What Is Fast Fashion? (And why we need to stop buying it)

The term fast fashion has been thrown around a lot lately and for good reason! It’s an epidemic that appears to only be getting worse. Currently 100 billion pieces of clothing are produced per year worldwide, and that figure is expected to have a 63 percent increase by 2030 (source: Extinction Rebellion)!

Fast Fashion defined

As defined in Marie Claire, fast fashion refers to cheap, trend-driven clothes and accessories that often reference major designers collections or celebrity culture. They’re made in high volumes and at low cost which makes them readily available for a fraction of the price of the original. Some classic examples of fast fashion brands are Boohoo, Pretty Little Thing and Missguided. These are just a few of the leading culprits among many others which are popping up everyday.

What’s the big deal?

But you really like the look of that outfit and would rather turn a blind eye? It’s NOT worth it. Not only is there the issue of us the consumers buying a high amount of these garments that are often disregarded after a couple of wears- there are other serious repercussions. The fashion industry has been reported as the second largest polluter after the oil industry, with fast fashion fueling this through the use of cheap and toxic textiles and damaging practices along the supply and delivery chains (source: Green Match).

According to WWF, it takes 2,700 litres of water to make one cotton T-shirt, which is enough for one person to drink for 900 days and Australian’s alone are disposing of 6,000 kilograms of fashion and textile waste every 10 minutes.

Not to mention the ethical cost of fast fashion- the workers making the clothes and along the supply chain are often reported to be underpaid and in unsafe working conditions.

The solution?

STOP BUYING IT. In many cases, you can generally tell just by looking at a company’s website, cheap pricing, crazy discount offers, celebrity copy-catting, cheap material used and ‘sameness’ that it’s fast fashion. Do the research and If you’re still not sure, don’t buy it.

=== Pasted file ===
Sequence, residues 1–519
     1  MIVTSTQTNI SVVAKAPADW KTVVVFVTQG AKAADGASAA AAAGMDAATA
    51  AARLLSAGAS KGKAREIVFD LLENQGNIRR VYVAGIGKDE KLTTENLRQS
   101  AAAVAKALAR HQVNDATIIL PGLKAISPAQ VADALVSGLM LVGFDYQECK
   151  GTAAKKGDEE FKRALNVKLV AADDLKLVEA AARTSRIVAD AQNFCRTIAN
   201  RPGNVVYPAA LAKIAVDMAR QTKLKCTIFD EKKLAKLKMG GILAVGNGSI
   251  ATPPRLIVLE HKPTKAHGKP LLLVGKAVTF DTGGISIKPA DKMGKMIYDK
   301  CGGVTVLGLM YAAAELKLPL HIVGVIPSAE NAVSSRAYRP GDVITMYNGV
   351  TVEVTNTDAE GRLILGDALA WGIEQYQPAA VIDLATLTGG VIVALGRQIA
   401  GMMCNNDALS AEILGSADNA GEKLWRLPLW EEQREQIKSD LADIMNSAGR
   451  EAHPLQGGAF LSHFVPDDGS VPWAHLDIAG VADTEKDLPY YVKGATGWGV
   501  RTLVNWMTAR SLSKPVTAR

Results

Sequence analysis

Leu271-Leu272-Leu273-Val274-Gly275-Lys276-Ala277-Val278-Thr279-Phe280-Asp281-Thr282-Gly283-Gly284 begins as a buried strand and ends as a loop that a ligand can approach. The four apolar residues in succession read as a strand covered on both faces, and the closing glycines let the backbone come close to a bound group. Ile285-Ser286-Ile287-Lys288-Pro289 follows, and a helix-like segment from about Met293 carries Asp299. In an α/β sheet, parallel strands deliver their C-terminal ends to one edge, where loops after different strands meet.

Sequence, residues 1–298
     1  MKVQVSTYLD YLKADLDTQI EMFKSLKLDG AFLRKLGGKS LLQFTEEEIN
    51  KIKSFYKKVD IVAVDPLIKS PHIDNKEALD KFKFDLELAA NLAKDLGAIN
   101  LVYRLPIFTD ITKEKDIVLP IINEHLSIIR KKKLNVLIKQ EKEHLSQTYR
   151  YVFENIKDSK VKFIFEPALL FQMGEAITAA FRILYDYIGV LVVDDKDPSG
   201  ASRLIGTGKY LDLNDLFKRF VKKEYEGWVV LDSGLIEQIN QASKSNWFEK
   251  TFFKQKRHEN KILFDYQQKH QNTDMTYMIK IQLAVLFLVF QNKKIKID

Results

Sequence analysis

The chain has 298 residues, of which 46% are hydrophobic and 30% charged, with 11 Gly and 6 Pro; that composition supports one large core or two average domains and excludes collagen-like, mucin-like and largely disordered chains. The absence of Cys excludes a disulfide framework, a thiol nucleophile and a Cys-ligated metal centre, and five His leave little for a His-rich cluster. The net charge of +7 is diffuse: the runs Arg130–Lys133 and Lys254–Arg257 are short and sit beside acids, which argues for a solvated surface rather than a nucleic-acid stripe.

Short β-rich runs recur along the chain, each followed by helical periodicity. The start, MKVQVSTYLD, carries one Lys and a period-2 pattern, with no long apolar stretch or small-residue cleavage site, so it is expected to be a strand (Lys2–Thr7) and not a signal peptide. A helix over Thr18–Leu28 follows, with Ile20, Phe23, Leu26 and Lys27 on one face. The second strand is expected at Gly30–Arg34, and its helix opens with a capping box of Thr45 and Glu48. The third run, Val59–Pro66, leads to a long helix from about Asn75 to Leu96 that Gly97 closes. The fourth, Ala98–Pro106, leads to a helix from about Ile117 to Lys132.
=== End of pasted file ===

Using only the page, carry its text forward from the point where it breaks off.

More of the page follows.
First and foremost before buying any new fashion items, seek alternatives (like buying vintage/second hand). Read more about alternatives to buying new here.

If buying new is a necessity, always opt for ethical, sustainable and carefully curated pieces.

What about any fast fashion pieces you already own?

Continue wearing them as much as possible! As stated by the Sustainable Fashion Forum, Fast fashion items are often poorly made with cheap fabric so it’s a given that they'll start to fall apart. When they do, a good rule of thumb is to re-purpose (e.g use for rags), reinvent (make a scrunchie, handbag or another garment out of it) or repair (sew it back together)!

So there you have fast fashion 101! From now on, if you see an item you like the look of, don't jump straight into buying it! Ask yourself first:

1. Do I love it + need it?

2. Can I find it/something similar second hand?

3. Will it serve the purpose I’m wanting it for?

4. Can I think of numerous occasions I’ll wear it?

5. Is it fast fashion OR is it ethical, sustainable and high quality?

6. Does it align with my values?

To stop fast fashion, we have to send a clear message to these companies that a change needs to be made within their system. That message is sent when we stop purchasing from them. And It starts with you. You’ve got this!

©2020 by Aisha Vintage